Melancholia (5/5/12)

MelancholiaMovie One Hundred Eleven

Melancholia is a film by polarizing filmmaker Lars Von Trier about two sisters and their relationship as a planet hurtles toward Earth.

The film opens with several super slow motion shots of some of the events to come, including the planet, Melancholia, from space. The movie then begins with the incredibly lavish wedding of Justine (Kirsten Dunst) who acts, for lack of a better word, strangely. She notices a red star in the sky and her sister’s husband (Kiefer Sutherland) says it’s Antares. The next day the star is missing from the sky. The second half of the film focuses on the other sister, Claire (Charlotte Gainsbourg), and how the family deals with Melancholia, each in vastly different ways.

I am pleased that I was able to give a brief summary of Melancholia without giving much away in terms of the plot. If you have seen Von Trier’s last film, Antichrist, you may be aware at how obtuse and plodding his films can be and Melancholia is a bit more structured, but still esoteric. Now, this is not a bad film. In fact, it’s a visually stunning film for the most part. Where Melancholia (and Antichrist before it) fail, is in some of the character design. While I was never completely miffed by some of their actions, there were times when I had a hard time believing them.

The underlying message of Melancholia, if you can call it that, is depression. Justine is obviously depressed, almost comatose in the second half, and her central character is not one I identified with. I enjoyed watching Melancholia, but I would have a hard time recommending it. Melancholia has some very beautiful and interesting scenes and when it ended my mind lingered on it, but I would doubtfully ever watch it again.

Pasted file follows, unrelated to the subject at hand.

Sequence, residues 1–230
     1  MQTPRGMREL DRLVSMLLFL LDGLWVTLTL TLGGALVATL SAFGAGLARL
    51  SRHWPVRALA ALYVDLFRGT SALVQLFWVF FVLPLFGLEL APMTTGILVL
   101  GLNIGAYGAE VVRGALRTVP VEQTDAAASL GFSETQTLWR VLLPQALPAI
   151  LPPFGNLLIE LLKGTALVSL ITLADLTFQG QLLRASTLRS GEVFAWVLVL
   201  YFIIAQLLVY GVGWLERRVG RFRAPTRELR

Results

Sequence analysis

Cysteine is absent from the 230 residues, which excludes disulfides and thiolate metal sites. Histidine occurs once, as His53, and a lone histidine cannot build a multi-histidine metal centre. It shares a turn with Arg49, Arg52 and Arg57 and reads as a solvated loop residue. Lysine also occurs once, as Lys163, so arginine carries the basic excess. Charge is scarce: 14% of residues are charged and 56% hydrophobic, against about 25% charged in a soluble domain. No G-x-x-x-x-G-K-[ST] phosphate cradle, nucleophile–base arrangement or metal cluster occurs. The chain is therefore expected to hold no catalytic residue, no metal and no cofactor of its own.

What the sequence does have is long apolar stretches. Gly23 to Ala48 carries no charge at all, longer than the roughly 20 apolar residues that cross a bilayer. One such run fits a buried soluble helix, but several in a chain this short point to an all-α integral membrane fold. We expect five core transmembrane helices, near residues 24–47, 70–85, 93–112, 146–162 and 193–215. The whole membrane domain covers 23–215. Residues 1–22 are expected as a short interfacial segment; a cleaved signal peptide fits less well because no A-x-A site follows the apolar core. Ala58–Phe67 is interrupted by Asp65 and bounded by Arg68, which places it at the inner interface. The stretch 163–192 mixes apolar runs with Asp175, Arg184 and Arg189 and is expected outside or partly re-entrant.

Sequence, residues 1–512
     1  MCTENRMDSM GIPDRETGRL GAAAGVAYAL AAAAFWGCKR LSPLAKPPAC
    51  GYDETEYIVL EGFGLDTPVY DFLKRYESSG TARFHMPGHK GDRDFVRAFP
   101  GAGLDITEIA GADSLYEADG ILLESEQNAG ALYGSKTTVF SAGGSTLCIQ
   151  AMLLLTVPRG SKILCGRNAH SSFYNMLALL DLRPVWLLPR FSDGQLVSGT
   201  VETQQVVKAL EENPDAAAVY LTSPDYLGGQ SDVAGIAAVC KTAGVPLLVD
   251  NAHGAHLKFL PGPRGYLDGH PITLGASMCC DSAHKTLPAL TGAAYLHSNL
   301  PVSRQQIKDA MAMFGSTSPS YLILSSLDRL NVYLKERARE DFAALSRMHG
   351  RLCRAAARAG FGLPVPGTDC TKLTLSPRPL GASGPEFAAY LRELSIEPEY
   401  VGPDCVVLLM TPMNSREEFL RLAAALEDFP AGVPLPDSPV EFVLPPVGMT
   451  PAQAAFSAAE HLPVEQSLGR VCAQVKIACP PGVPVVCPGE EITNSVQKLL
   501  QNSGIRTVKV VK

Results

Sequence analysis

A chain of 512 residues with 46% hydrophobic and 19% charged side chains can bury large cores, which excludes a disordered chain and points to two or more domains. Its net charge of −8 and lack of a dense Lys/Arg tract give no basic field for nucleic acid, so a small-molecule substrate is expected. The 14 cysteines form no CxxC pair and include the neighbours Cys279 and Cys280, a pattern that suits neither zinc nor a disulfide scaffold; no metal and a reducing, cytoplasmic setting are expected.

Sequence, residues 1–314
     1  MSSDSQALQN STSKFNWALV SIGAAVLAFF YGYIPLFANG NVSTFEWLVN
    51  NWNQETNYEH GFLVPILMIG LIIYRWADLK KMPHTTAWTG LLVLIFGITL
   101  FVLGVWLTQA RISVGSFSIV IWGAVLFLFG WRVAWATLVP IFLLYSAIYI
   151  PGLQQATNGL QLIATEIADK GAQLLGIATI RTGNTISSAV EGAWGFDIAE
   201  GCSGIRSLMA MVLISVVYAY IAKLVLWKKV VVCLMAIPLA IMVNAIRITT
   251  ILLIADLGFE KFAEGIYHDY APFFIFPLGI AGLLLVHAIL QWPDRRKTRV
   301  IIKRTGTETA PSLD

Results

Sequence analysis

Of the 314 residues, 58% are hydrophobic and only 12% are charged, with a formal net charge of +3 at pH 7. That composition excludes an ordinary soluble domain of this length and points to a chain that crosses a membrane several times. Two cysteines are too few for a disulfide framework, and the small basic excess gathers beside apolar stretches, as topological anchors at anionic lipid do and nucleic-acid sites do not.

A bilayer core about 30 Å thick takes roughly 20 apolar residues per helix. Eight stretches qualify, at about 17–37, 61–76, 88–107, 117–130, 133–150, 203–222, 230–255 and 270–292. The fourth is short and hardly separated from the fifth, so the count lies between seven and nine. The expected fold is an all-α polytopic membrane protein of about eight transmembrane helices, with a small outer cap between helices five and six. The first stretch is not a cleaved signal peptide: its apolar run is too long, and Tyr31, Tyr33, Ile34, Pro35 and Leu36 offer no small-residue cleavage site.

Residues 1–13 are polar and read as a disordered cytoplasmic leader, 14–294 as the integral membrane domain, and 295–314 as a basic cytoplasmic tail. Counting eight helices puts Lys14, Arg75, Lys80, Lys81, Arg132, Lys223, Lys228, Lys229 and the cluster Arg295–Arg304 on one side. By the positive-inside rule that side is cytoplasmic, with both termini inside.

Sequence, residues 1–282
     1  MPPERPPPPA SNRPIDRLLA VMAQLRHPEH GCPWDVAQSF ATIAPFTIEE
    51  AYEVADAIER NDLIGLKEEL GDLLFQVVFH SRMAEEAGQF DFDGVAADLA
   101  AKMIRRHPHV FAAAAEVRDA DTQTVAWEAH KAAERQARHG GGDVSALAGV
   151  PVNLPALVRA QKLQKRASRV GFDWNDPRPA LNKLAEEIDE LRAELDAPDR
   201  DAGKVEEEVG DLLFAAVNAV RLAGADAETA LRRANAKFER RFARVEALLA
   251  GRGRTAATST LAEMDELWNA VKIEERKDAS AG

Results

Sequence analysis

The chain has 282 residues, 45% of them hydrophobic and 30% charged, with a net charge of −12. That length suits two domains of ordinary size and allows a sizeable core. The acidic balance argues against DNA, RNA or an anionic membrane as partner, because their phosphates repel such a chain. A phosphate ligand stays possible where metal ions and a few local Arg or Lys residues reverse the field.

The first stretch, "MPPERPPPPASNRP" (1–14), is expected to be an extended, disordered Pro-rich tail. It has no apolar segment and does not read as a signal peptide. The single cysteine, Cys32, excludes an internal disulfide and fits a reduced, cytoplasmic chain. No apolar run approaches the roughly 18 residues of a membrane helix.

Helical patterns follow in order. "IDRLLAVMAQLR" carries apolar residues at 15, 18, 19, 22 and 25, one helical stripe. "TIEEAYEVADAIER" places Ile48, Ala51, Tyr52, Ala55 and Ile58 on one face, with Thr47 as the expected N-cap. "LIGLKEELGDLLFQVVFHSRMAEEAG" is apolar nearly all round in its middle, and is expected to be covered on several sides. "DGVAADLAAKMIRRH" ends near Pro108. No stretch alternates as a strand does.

I give it 3 lightning fingers out of 5.

PS – My wife and I watched this during the Supermoon for a little added “oomph”


Rotten Tomatoes


36 responses to “Melancholia (5/5/12)

  1. Von Trier definitely knows how to mess with our minds but here, he’s pretty straight-forward the whole time and even though I can’t go wrong with that, it doesn’t do much to help out this pretty familiar story. Dunst and everybody else are all pretty good but the flick all seemed very one-note for me until the last 20 minutes when everything came together. Good review Andy.

    • Lots of interesting things to think about from your analysis. It seems like the type of film where a critical analysis commentary track would help me (and likely many others) to get the most out of the film.

      • I agree, an analysis commentary track would have been great and really insightful. Melancholia is the kind of film you could go completely crazy analysing and I could be way off the mark with my thoughts; it’s certainly an intriguing film if nothing else.

  2. I was interested in seeing the film, but never got the chance (yes, I missed many important films of last year).

    I don’t exactly like Lars Von Triers as a person after his comments at Cannes last year, but I do appreciate him a a director. From what I’ve heard, Melancholia looks a little bit what one of my favorites last year, The Tree of Life.

    • It shares some vague similarities with Tree of Life, but Tree of Life even at its most esoteric is still leaps and bounds more decipherable than this, at least to me.
      I found Tree of Life to be far superior but I’d be interested in hearing what you think about Melancholia!